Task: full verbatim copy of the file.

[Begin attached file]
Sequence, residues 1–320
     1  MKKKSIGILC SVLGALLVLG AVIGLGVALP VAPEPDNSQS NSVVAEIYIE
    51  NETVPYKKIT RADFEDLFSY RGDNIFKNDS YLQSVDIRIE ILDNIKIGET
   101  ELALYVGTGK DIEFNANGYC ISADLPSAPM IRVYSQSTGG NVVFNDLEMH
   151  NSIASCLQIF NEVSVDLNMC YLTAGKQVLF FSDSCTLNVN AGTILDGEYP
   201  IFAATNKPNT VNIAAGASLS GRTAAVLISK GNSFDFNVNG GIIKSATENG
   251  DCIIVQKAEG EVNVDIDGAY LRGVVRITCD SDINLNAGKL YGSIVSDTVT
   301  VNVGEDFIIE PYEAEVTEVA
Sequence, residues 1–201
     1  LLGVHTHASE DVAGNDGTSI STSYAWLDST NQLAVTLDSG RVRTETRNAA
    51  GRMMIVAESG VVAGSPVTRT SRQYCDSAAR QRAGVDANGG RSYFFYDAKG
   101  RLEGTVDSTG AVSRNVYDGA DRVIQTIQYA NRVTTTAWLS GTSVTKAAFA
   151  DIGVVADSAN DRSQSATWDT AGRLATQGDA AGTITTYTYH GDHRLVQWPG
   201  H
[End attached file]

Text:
Sequence, residues 1–320
     1  MKKKSIGILC SVLGALLVLG AVIGLGVALP VAPEPDNSQS NSVVAEIYIE
    51  NETVPYKKIT RADFEDLFSY RGDNIFKNDS YLQSVDIRIE ILDNIKIGET
   101  ELALYVGTGK DIEFNANGYC ISADLPSAPM IRVYSQSTGG NVVFNDLEMH
   151  NSIASCLQIF NEVSVDLNMC YLTAGKQVLF FSDSCTLNVN AGTILDGEYP
   201  IFAATNKPNT VNIAAGASLS GRTAAVLISK GNSFDFNVNG GIIKSATENG
   251  DCIIVQKAEG EVNVDIDGAY LRGVVRITCD SDINLNAGKL YGSIVSDTVT
   301  VNVGEDFIIE PYEAEVTEVA
Sequence, residues 1–201
     1  LLGVHTHASE DVAGNDGTSI STSYAWLDST NQLAVTLDSG RVRTETRNAA
    51  GRMMIVAESG VVAGSPVTRT SRQYCDSAAR QRAGVDANGG RSYFFYDAKG
   101  RLEGTVDSTG AVSRNVYDGA DRVIQTIQYA NRVTTTAWLS GTSVTKAAFA
   151  DIGVVADSAN DRSQSATWDT AGRLATQGDA AGTITTYTYH GDHRLVQWPG
   201  H